Upon returning back to Wisconsin, I moved in with my parents temporarily to give me time to figure out what I want to do next with my life.  My parents live on a couple acre lot in rural Wisconsin.   Over the years since I moved out, my parents have developed/strengthened their commitment to self-sufficiency, frugal living, and a plant-strong lifestyle.  Their commitment has exposed me to more information about ways of living and consumer values that are outside of the American “norm.”  This, coupled with my time in NYC, has brought me to a place where I want to change my lifestyle to be one that is more green and self-sufficient, and less dependent on chemicals and big corporations.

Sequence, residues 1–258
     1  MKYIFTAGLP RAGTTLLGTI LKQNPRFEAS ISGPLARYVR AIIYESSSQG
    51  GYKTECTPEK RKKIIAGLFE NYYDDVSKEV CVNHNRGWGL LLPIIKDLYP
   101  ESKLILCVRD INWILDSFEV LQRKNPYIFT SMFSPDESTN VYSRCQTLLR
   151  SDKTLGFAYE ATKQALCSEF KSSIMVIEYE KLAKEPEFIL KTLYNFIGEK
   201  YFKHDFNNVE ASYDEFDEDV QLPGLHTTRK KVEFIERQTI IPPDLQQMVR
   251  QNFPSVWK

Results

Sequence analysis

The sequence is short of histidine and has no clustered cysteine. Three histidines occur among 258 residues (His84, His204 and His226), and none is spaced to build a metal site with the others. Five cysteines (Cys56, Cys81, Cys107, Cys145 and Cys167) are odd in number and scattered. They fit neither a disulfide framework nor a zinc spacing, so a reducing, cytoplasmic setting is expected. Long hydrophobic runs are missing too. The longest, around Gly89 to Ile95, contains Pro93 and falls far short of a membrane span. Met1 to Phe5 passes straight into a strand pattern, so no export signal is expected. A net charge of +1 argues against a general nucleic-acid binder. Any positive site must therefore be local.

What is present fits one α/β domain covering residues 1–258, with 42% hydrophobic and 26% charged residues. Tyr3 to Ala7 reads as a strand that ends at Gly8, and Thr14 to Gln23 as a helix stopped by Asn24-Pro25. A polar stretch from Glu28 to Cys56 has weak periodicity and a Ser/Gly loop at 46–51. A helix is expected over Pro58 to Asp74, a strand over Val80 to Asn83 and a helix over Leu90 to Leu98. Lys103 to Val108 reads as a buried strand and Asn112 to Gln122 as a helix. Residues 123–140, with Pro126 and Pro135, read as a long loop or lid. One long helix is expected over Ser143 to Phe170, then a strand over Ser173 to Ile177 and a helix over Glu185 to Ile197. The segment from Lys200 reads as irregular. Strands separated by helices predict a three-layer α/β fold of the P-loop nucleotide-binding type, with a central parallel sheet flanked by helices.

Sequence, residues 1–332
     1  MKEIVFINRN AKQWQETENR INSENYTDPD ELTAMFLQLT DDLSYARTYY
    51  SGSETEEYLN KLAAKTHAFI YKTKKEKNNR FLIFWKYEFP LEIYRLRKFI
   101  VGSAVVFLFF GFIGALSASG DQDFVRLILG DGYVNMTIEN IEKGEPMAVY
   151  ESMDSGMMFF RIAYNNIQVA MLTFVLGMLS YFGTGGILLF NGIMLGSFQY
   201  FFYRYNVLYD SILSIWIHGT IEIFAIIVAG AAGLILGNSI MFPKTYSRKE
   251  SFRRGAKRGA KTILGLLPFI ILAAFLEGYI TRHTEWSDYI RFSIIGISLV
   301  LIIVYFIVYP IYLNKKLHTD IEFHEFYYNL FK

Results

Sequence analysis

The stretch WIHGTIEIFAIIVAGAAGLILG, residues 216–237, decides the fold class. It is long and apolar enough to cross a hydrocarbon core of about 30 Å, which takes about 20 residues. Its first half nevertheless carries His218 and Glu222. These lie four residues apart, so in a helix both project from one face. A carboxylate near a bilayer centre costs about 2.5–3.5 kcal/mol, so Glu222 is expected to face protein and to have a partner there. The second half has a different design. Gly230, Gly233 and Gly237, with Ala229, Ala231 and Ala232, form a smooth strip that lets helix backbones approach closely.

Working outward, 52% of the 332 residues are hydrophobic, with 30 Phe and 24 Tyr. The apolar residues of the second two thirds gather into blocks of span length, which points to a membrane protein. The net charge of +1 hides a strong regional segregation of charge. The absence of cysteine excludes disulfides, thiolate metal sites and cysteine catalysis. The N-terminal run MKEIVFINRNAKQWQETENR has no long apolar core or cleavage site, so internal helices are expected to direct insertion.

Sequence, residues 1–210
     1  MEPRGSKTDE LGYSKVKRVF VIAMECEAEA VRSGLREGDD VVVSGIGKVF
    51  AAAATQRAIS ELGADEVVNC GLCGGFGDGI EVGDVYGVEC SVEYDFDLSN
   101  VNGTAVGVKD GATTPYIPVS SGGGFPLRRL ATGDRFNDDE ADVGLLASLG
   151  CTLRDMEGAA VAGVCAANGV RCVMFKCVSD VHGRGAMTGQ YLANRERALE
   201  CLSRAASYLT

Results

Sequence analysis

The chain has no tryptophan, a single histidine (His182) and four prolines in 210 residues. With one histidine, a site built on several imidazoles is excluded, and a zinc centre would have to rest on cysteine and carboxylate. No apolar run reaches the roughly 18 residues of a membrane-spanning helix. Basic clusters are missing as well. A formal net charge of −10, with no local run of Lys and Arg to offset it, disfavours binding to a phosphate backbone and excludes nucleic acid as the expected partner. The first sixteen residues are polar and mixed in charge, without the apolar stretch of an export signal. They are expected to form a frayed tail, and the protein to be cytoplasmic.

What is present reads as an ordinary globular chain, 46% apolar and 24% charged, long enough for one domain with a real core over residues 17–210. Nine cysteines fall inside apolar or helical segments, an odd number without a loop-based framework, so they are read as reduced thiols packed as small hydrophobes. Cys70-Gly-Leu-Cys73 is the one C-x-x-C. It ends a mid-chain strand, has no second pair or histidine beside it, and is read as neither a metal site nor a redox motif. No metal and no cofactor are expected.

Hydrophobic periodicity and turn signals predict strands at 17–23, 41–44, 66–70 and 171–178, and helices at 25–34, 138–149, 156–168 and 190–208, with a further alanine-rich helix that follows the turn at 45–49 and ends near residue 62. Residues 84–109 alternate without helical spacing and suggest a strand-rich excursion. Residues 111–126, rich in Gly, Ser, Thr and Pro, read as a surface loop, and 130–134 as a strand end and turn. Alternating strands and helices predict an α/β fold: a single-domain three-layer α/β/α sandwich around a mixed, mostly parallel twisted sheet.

So why the Homesteading Daughter?

Despite my desire to change my lifestyle, I know very little about how to go about doing it.  When I told my parents about my desire to become self-sufficient and live on a homestead, they reminded me that I hate bugs, heat, sweating, lifting heavy things, and manual labor–all parts of the self-sufficient life.  So, yes, I have a long way to go; but I have a great sense-of-humor, personal incentive to change (I’m lactose intolerant and have a skin sensitivity to most chemicals, dyes, and fragrances), and am a quick-learner.

My journey to self-sufficiency and eventual full-out homesteading promises to be a humorous adventure, so I decided to document it on this site.  My hope is that I will be able to share my newly-acquired knowledge with other homesteading newbies and make you laugh.

The site is a work-in-progress.  I will post content as I discover new resources, try new projects, and learn new things.  I plan on posting written content for you, as well as pictures, video, and audio as they’re useful.

I look forward to connecting with you!  Please share your thoughts, opinions, ideas, and suggestions in the comment section on any page!